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TWO ACTRESSES, TWO CHALLENGING ROLES : Farrah Fawcett, Sissy Spacek Work Against the Glamour of Past Images in Creating Intense Portrayals of Women on the Edge of Disaster

September 20, 1986|CHARLES CHAMPLIN | Times Arts Editor

In many a season past the cry has gone up, Where are the good, non-decorative roles for women? The cry has faded a little, historically considered, although actors might argue that there are never enough really testing assignments for either sex.

Yet at the moment are to be seen two unusually fine portraits of women at the far ends of distress, enacted with a persuasive force that never seems like mere theatricality.

It took Farrah Fawcett a while to get past the blinding fact of her own beauty and prove to the skeptics that she had the gifts and patient determination to be a serious actress. But the images of her as a battered wife in "The Burning Bed" were a kind of declaration of independence from her angelic past.

In "Extremities," the role she played on stage of a terrorized rape victim is a further declaration of her arrival as a serious and intelligent actress who happens to be beautiful.

Sissy Spacek in a sense went at it the other way 'round. She earned star status as an intense and skilled actress whose appeal was not glamour but an Everywoman realism, as early on, for example, the runaway teen-ager in Terrence Malick's "Badlands."

It was the glamour of stardom achieved that helped us to see that Everywoman owned, not so incidentally, a fine and delicate beauty. There is thus a certain irony in that to do " 'night, Mother," as a world-exhausted young woman moving purposefully toward suicide, Spacek had to work consciously against her own attractiveness and star status to make credible the character's total hopelessness. That she succeeds so well is accordingly a sort of double victory.

Taking to the stage is fraught with peril for any Hollywood star who hasn't been there before. The critics do not so much sit on the aisle as crouch in it, ready to spring. But Fawcett confronted them in the very physical and ferociously dramatic "Extremities" Off Broadway, and came away with critical honors and a broken wrist as a badge of commitment.

Taking "Extremities" to film was risky, and not simply because of the usual problems of transfer from one, enclosed medium to another with limitless possibilities for opening up. The risk was not in opening up (what there is works well enough) but in the danger of enlarging the two long sequences of attempted rape into merely exploitative stuff indistinguishable from a long, sorry list of revenge melodramas.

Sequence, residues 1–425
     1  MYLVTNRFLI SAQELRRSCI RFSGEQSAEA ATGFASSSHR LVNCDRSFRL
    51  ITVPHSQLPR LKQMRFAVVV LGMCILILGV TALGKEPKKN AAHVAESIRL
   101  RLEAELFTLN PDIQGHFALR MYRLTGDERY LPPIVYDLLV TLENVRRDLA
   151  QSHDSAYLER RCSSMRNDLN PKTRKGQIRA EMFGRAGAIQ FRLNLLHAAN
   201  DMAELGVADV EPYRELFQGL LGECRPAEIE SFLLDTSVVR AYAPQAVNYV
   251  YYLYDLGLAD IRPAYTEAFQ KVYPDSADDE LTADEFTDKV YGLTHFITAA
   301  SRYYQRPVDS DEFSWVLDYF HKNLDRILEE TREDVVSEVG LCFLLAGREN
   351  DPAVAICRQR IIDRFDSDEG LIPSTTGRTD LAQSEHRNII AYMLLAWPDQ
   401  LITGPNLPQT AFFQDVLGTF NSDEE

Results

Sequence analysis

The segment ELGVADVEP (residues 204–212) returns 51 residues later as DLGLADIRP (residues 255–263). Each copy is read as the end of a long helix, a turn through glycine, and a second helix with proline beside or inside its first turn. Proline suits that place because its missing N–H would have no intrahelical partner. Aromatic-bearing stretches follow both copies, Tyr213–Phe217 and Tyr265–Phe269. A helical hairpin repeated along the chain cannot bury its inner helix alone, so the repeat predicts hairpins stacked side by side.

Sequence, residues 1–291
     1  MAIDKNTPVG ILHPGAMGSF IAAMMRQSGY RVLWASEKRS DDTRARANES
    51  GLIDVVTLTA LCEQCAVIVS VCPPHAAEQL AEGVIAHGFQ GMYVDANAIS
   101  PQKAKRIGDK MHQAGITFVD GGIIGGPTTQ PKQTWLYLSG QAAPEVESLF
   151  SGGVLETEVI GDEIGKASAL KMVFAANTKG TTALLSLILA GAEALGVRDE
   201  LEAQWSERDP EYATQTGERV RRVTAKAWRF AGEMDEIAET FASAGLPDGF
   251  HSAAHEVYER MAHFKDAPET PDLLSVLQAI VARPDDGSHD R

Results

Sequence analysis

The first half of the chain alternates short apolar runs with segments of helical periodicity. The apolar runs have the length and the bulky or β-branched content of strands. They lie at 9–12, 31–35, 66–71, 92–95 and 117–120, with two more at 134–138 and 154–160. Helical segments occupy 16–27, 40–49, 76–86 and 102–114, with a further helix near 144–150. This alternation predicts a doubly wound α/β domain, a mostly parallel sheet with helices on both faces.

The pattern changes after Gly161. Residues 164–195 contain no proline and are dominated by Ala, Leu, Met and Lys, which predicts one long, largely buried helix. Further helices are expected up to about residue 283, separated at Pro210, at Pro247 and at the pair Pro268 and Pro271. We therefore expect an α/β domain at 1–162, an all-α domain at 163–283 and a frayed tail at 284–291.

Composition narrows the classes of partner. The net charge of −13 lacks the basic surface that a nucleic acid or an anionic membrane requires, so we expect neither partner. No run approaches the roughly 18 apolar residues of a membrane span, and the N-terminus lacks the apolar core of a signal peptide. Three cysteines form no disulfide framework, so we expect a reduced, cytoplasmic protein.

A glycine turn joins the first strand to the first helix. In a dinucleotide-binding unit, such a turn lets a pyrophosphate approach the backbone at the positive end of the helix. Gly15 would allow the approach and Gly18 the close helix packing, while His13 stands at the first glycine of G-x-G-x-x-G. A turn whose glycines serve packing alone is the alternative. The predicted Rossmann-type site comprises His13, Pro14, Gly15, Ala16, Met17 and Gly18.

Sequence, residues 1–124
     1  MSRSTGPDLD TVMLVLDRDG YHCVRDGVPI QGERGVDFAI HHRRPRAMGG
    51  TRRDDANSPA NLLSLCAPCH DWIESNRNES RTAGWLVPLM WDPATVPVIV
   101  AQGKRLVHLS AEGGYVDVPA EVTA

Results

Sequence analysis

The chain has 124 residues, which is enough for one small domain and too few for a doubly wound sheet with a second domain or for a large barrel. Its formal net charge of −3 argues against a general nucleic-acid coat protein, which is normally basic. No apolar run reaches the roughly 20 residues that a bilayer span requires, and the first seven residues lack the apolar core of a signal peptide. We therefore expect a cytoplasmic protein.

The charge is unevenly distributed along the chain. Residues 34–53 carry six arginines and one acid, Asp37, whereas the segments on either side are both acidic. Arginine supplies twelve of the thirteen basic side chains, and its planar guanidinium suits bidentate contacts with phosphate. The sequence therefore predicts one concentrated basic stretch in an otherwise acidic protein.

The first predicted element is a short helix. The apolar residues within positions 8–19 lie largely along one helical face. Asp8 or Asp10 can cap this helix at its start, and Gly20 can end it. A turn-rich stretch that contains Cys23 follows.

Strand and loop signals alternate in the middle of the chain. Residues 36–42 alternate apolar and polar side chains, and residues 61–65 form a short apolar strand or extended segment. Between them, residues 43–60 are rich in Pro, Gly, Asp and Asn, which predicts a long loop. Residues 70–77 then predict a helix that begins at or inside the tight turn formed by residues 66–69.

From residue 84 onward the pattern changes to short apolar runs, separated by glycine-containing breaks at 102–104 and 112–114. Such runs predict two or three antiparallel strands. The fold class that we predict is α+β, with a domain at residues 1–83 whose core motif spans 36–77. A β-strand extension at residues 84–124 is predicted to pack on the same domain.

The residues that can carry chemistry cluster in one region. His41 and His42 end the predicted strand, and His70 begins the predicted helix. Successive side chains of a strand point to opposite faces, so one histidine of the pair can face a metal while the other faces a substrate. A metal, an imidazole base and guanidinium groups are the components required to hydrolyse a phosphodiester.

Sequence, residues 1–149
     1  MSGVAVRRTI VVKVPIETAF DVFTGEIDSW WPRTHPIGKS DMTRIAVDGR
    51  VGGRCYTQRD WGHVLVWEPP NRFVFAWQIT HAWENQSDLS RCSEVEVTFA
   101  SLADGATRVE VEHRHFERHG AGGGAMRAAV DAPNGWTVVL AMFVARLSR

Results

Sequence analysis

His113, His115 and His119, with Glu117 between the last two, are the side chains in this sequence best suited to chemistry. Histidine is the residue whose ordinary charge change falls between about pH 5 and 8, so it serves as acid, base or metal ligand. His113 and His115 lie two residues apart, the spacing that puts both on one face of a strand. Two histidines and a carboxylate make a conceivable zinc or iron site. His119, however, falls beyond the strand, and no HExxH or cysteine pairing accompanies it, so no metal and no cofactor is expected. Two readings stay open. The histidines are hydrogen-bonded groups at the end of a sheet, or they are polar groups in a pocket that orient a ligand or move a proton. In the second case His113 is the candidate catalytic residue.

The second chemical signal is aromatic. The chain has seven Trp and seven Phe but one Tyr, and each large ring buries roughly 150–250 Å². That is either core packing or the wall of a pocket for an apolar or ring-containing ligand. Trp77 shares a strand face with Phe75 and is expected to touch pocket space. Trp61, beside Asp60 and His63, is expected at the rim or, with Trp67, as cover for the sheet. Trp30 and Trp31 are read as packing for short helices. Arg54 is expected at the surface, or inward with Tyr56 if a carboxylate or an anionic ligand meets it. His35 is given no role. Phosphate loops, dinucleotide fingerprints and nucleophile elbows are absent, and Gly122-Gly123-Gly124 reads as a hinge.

As it happens, "Extremities" as a film does have some real problems, although in the end exploitation is not one of them. Fawcett's relations with her two roommates (Diana Scarwid and Alfre Woodard) are ill-defined, so that their reactions to her plight are bizarre if dramatically convenient.

More damagingly, author William Mastrosimone tells us very little about the rapist (played to a menacing fare-thee-ill by James Russo). The randomness of the confrontation of rapist and victim is probably the point, but we spend too much time with him not to have more clues as to why he is the way he is.

The burden as well as the possibilities of the film therefore fall heavily on Fawcett. If "Extremities" gets beyond its sensational passages, including even the satisfaction of seeing the victim becoming the victimizer, it is because she makes the woman so thoroughly individual and believable in her fright, and her outrage, courage and bewilderment. The gross invasion of privacy has never seemed so obscene, or so unprovoked.

The message is bleak--that the process of law is a wet tissue of protection for the attacked woman--and Farrah Fawcett is nowhere more impressive than when the character bleakly accepts that vengeance is not the answer either. The character, like the actress, has come a long way in a brief time.

In " 'night, Mother," Sissy Spacek and Anne Bancroft are daughter and insensitive, self-centered mother. Bancroft acts all-stops-out as the woman who finally tumbles to the fact that her daughter is serious about ending it all. The mother, in Marsha Norman's roundly packed dialogue, can then summon no arguments against the suicide that don't in fact merely underscore how bad things are between them.

A sadness is that well-known performers carry to a new role a backpack of personal biography and previous work. Sometimes the pre-existing images can be set aside, sometimes not. Bancroft seems to me so resolutely urban, Northern and intelligent that all her great skills and headlong embrace of this part of an uneducated and not overly bright mid-South countrywoman could not disguise the actress acting.

It's paradoxical always; at their best the stars are known to us as stars, yet they can take us somewhere else. Even with her hair a drabbed-out brown and her blue eyes hidden behind contacts, Spacek is unquestionably Spacek. And yet, and yet, she becomes that woman whose light at the end of the tunnel is the extinction of the light.

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